While ideally we would work foremost in establishing the Rule of Law by building more permanency and less arbitrariness into the framework or constitution of laws, in reality such rule may be long in coming so long as an army of bureaucrats rage the land with mandates and codes. We may indeed need some merry men (e.g. freedom fighters) from Robin Hood against King John (tyranny) until King Richard (i.e. the Rule of Law) returns. To this end I propose fighting ad hoc and arbitrary rules with exemptions to such. While exemptions might appear incongruous to the principle of the Rule of Law, i.e. that law should equally apply to everyone, it must be noted that arbitrary and ad hoc rules by their very nature aren’t establishing a Rule of Law in the first place. Such mandates are all too often established by unconstitutional bodies with no real direct accountability to the people at large. e.g. the EPA. Their technocrats are constantly tweaking a fugacious web of rules and regulations that few can predict with certainty. Against such a web of oppressive government I propose Bills of Immunity which I will describe after first describing the evils that such Bills would mitigate.
Such technocrats all too often harbor zealous convictions that can rarely be tempered with economic caution or prudence. Such priests of the temples of technology often practice the creed that if something can be done, then it must be done, regardless of the cost. All too often the costs are very real, as can be seen in the recent economic recession with around half of recent college graduates unable to find work, many underemployed, and even more struggling under inflation and stagflation as costs rise and government stimulus plans of the past have eroded our currency even further. The zealous pursuit of stemming CO2 emissions at all costs has cost us far too much in lost opportunities and lost generations of unemployed youth to warrant second thoughts on whether a more measured and economically tempered course ought to be considered in order to save humanity first and the planet second. Tax money that could have gone to real humanitarian needs such as lowering the deficit and protecting freedom has been poured into green technologies not even half way to breaking even. While government subsidies may have promoted some technological development, the lack of market discipline that such “free” money entails too often promotes waste and bad investment. And moral objections to subsidies aside, some investments have been poured into technology that is still quite far from cusping on breakthroughs in self-sustainability. Just this year, the Economist magazine published an article (see http://www.economist.com/blogs/babbage/2012/04/electric-cars) showing how far electric cars have still to come before they are even economically viable. The price of the battery per kWh needs to come down from $600 to $200 to become viable according to that article. The battery itself in its present makeup could pose an environmental impact in itself unless properly disposed. It’s current lifetime average of seven years must also be improved in order to increase the marketability and less the environmental impact.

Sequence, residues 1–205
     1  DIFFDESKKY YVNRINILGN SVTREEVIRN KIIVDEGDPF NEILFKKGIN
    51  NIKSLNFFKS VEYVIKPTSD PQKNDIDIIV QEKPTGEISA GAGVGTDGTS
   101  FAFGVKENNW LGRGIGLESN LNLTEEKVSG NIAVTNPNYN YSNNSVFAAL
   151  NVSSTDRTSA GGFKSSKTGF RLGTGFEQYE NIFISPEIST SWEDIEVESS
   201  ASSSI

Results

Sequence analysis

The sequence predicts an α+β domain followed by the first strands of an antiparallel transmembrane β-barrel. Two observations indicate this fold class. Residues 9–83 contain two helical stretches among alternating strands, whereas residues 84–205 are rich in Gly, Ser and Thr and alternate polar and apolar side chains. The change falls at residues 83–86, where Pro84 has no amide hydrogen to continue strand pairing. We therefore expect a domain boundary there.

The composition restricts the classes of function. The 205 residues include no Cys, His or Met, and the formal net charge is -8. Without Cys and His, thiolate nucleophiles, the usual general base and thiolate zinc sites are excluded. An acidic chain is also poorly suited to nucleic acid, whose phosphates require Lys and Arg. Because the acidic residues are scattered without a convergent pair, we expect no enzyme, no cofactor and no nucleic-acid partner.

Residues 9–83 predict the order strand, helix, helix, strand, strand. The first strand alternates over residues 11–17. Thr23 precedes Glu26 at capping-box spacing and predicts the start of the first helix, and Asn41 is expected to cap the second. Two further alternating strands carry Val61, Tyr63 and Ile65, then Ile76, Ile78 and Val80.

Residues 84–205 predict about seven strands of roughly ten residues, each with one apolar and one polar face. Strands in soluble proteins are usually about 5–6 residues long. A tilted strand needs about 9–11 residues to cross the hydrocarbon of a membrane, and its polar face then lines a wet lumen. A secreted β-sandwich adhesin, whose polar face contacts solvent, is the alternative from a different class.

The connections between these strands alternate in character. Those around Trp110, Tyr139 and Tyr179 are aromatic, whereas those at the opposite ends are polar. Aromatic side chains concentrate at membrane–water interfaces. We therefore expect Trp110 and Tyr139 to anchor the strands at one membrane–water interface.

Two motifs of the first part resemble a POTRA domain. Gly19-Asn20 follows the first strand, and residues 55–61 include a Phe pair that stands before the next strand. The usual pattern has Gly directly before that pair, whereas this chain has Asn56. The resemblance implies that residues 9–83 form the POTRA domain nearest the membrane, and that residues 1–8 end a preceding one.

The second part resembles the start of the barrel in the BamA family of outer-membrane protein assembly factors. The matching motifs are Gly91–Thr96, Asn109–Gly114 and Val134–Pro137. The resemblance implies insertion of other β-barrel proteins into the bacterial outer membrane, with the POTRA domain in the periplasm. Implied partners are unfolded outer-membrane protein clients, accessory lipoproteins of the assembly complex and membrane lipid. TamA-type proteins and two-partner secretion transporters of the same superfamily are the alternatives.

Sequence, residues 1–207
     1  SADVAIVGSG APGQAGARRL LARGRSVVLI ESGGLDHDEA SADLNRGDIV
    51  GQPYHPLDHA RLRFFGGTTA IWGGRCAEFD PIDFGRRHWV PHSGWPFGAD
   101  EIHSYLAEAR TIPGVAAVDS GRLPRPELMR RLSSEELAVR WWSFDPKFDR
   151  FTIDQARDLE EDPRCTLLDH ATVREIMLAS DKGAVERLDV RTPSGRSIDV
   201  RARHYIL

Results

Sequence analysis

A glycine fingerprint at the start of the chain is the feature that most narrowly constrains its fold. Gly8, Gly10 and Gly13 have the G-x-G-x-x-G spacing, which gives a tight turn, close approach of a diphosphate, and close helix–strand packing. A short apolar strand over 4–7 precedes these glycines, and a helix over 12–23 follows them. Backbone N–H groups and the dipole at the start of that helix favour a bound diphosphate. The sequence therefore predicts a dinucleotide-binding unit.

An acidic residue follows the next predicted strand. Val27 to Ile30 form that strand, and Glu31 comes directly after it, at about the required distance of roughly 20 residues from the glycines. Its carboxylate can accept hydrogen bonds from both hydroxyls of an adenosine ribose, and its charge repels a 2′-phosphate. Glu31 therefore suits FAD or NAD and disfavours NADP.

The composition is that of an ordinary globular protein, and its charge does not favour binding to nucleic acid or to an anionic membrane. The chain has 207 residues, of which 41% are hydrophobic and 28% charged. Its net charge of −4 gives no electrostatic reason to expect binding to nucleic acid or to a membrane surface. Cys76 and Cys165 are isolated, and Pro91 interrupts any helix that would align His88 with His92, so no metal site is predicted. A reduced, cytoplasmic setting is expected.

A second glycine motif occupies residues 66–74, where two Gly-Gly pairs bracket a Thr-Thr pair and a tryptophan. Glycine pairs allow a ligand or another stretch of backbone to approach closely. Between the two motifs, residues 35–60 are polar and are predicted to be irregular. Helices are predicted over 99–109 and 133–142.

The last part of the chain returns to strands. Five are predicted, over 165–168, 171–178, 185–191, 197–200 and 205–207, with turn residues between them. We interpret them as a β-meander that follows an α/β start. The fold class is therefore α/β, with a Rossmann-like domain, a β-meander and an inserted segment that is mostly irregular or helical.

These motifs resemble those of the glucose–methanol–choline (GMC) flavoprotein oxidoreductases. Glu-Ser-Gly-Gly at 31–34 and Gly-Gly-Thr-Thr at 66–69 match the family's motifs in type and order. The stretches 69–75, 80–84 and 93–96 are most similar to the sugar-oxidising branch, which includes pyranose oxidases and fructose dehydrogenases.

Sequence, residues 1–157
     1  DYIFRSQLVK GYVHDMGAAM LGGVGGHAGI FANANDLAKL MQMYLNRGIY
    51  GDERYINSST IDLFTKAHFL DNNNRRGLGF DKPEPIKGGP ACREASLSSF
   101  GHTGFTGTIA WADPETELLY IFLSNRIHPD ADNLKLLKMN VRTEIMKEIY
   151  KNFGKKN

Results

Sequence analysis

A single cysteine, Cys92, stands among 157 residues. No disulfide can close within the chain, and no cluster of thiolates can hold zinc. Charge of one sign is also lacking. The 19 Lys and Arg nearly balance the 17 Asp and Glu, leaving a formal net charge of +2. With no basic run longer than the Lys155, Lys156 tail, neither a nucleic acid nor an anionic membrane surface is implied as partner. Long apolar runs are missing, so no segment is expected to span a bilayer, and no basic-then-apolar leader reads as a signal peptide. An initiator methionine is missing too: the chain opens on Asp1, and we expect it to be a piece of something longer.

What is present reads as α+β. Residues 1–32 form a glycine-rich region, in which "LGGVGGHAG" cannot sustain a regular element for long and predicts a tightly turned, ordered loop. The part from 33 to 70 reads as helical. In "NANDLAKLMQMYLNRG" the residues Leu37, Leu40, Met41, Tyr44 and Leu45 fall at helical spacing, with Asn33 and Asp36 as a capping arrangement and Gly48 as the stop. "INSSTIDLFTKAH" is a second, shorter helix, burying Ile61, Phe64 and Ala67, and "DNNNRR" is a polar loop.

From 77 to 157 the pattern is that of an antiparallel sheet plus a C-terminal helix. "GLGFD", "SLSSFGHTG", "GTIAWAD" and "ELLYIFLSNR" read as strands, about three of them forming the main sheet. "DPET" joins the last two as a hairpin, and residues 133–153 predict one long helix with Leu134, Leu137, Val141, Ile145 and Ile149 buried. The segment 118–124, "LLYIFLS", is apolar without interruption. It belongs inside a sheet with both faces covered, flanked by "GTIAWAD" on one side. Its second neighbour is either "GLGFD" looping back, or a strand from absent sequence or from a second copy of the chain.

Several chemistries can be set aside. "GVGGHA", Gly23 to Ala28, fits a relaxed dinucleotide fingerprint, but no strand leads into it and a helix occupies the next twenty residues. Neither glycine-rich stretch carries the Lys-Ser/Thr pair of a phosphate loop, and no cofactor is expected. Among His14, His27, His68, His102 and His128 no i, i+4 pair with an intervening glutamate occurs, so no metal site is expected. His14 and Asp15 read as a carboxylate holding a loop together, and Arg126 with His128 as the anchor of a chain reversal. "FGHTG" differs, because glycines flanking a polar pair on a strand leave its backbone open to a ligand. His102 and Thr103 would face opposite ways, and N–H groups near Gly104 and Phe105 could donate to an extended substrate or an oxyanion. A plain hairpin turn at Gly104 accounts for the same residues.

Even if their actions were wiser, the mere idea of their actions being consciously made and promoting a general social engineering that by necessity must constantly be tweaked towards greater perfection leads to greater uncertainty by its ad hoc and discretionary powers. The individual citizen or business is all too often ignored as ill affording such regulations’ discretionary unpredictability. No man or women can truly predict, plan or fulfill their individual dreams under such an entangled web of rules. They simply wriggle and often helplessly avoid the impending doom that often awaits them as the spiders of government eventually suck their blood out and leave them empty shells.
Against such doom I propose Bills of Immunity that provide a period of protection from frivolous lawsuits or creeping changes in regulation by limiting the culpability of a business or entity to laws existing at the snapshot in time at which such a Bill of Immunity was issued. Such bills would offer reassurance that investments in time and money would be protected for the period of the Bill from unpredictable changes in regulation or law that couldn’t be anticipated at the time of such investments. Such bills could potentially limit the arbitrary power of the EPA by countering it’s discretionary powers with government provided guarantees of protection against such authority when such authority wielded powers in violation of the contracts provided under such Bills of Immunity.
Some might protest against freezing liability standards on the argument that future data might reveal unforeseen dangers that pose a threat to society. However such arguments could be countered twofold. First and foremost we ought not to base the law strictly on providing contingencies for unforeseen dangers if such contingencies lead to greater uncertainty with respect to the law and power of authorities. Secondly such arguments tend to be based on the fear that corporations will neglect the public safety in their pursuit of profit. Such arguments neglect the inherent goodwill of individuals and the companies they work for as well as the role of public and social pressures to be more responsible and minimize the impact on one’s surroundings.